The humble cauliflower takes on elegance and class when transformed into crème de chou-fleur, a magnificent winter soup that is both light and packed with vitamins. It is essentially a purée of cauliflower with a spoonful of cream. Ground coriander seeds, lemon and dill enhance the flavor, while trout roe adds a bright touch — and more flavor. It makes a satisfying lunch dish and sparkles as a first course at dinnertime. Try it and see.
Crème de chou-fleur / Cauliflower soup
It took me a long time to embrace cauliflower, a vegetable many of us remember from childhood as dreary. Moving to France helped — chou-fleur translates as ‘cabbage flower’, a linguistic tweak that somehow changed my perception. As did the many French ways of preparing the pretty white flowerets: as a gratin, as a purée, as a savory tart, as an addition to an assiette de crudités, or sautéed with a bit of garlic.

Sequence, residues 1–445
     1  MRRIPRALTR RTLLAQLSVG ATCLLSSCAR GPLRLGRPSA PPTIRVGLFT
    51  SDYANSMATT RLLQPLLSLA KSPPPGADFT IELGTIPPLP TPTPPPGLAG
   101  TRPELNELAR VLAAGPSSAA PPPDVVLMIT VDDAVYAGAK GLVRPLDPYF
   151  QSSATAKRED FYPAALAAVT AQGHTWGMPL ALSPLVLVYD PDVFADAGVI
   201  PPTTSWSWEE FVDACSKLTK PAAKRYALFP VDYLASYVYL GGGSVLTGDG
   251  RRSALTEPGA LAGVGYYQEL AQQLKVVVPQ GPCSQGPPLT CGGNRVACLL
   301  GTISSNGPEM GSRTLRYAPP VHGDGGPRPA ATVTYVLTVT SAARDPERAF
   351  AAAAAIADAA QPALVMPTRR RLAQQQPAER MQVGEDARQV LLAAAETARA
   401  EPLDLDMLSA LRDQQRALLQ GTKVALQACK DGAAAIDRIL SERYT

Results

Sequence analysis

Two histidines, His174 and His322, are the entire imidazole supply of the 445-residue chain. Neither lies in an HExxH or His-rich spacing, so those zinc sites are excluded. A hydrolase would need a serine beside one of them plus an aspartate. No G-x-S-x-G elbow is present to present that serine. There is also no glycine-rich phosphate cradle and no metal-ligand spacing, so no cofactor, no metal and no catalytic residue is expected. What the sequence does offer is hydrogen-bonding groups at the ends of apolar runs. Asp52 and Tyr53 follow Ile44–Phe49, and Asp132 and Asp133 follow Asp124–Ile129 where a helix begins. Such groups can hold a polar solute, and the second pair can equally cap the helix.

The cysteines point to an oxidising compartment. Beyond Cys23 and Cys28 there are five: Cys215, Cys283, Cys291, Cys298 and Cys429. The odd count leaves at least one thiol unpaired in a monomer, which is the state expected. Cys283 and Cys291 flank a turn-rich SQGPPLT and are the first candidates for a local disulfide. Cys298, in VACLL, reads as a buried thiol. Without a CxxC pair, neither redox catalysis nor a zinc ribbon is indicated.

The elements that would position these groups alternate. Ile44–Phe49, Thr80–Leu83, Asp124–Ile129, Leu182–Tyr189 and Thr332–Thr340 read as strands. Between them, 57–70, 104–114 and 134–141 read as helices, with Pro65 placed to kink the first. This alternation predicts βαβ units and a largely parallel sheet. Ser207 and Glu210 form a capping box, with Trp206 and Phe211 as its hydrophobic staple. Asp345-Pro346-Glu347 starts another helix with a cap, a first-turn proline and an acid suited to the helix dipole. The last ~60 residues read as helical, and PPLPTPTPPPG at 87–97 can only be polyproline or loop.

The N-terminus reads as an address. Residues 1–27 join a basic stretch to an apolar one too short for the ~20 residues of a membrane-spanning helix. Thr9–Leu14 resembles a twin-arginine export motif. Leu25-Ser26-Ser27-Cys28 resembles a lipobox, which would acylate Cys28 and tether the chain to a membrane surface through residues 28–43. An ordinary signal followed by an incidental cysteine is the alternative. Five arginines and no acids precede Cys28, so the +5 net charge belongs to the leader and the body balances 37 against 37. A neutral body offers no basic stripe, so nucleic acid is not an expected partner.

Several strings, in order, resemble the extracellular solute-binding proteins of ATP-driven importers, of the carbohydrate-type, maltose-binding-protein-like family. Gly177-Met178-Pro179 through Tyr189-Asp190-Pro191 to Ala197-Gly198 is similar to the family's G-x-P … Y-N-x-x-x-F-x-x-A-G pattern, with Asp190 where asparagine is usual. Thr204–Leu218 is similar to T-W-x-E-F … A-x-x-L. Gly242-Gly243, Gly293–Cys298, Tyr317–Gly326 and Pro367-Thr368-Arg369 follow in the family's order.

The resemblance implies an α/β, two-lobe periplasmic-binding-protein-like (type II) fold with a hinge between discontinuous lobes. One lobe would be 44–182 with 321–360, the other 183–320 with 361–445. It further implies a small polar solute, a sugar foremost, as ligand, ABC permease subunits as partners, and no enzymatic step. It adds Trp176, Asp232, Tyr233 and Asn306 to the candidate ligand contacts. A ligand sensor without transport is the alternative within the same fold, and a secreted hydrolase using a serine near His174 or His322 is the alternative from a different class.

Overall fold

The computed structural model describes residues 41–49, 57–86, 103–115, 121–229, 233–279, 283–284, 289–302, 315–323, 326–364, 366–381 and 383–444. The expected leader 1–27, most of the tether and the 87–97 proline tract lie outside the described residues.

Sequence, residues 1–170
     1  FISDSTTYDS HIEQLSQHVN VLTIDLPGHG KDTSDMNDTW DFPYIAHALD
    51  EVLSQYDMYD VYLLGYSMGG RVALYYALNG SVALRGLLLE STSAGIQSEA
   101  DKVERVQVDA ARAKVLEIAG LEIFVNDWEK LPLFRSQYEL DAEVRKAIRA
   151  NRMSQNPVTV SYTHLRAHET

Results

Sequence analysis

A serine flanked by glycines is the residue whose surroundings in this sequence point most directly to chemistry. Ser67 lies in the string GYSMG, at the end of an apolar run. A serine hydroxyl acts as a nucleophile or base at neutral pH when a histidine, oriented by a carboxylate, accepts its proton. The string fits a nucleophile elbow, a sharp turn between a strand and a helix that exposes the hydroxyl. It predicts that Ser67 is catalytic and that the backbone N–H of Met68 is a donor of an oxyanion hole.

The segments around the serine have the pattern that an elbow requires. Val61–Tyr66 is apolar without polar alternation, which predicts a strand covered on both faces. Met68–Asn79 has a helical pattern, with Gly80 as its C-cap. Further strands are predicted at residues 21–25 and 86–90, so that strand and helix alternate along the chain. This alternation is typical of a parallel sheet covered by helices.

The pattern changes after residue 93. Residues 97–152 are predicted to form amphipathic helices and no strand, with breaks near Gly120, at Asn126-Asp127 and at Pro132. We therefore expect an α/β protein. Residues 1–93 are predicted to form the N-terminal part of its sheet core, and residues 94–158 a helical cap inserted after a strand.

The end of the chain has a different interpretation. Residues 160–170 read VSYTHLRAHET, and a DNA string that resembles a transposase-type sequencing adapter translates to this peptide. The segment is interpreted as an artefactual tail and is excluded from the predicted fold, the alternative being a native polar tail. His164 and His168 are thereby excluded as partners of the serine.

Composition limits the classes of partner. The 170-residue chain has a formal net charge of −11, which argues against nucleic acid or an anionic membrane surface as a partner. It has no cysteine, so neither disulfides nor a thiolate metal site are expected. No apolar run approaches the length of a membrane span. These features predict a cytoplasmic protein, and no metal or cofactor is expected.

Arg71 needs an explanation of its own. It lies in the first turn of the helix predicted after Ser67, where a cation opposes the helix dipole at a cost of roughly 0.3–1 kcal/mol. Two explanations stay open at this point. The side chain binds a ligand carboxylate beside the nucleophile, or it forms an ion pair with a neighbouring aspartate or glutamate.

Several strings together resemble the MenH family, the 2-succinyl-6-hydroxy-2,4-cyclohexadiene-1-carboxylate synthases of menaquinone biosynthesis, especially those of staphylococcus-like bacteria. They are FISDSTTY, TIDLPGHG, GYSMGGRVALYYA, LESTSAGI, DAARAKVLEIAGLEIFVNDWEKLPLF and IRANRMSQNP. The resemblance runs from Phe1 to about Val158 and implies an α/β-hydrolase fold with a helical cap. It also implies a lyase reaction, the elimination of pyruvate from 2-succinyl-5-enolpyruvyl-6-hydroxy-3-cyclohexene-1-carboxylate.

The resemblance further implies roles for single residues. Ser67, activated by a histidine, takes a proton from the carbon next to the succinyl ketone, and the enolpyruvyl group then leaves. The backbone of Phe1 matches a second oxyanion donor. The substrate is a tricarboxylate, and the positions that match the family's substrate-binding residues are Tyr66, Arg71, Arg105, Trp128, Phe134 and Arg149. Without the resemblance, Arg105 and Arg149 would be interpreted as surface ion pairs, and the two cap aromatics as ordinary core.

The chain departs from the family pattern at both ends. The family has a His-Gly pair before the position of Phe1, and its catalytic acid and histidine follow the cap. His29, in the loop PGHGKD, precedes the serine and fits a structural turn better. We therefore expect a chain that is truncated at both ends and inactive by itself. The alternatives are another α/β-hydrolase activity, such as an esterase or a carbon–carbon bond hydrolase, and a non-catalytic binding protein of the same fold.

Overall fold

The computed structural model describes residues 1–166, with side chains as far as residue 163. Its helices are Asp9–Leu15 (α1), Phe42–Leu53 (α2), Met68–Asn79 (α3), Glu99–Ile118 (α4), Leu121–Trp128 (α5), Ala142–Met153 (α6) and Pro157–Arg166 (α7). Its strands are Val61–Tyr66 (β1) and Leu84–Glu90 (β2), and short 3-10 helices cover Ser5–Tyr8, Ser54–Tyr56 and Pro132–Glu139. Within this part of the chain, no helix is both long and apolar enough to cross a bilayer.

Cauliflower has been in favor in France for more than 400 years, since Louis XIV had it grown in the gardens of Versailles. And it’s played it’s role in French history. When the calendar was redrawn after the French Revolution, with names tied to the seasons — Brumaire (foggy) for October-November, for example, and Floréal (flowery) for April-May — chou-fleur had its own day, the 7th of Frimaire (cold), which fell on November 27.
These days cauliflower comes in a rainbow of colors, from orange to green to purple, and in forms from round to spiky. These newfangled varieties are on sale across the street from me at Maison Plisson, but I admit I have yet to try them. Would you believe purple soup? No, the classic variety is just fine.